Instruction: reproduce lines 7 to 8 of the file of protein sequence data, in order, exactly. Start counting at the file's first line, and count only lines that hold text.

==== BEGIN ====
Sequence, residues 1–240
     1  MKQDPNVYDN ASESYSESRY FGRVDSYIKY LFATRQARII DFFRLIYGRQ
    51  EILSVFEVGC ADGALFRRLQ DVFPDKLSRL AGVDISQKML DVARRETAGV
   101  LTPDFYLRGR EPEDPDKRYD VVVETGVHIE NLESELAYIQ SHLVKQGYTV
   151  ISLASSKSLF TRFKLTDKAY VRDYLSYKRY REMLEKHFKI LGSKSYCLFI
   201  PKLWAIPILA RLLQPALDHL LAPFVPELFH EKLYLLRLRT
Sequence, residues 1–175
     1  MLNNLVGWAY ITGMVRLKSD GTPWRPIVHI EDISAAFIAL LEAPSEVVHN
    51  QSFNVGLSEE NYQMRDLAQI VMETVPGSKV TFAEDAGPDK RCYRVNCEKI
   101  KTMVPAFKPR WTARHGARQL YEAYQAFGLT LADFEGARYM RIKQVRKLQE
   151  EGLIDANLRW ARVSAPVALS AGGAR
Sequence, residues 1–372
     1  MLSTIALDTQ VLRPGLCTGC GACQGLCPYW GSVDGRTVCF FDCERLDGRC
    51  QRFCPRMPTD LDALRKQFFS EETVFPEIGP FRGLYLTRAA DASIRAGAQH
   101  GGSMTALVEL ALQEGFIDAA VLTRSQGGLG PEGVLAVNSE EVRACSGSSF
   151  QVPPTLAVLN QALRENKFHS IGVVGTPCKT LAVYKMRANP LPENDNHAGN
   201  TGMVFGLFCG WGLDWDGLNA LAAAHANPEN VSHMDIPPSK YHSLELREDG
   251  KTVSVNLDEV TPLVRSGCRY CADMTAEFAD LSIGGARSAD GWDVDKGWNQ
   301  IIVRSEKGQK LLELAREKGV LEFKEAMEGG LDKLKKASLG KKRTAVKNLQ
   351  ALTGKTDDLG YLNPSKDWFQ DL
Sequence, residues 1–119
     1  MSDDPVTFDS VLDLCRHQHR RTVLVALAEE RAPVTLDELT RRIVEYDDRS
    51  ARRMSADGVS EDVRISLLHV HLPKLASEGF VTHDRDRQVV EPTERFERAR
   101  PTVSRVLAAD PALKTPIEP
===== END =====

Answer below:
Sequence, residues 1–175
     1  MLNNLVGWAY ITGMVRLKSD GTPWRPIVHI EDISAAFIAL LEAPSEVVHN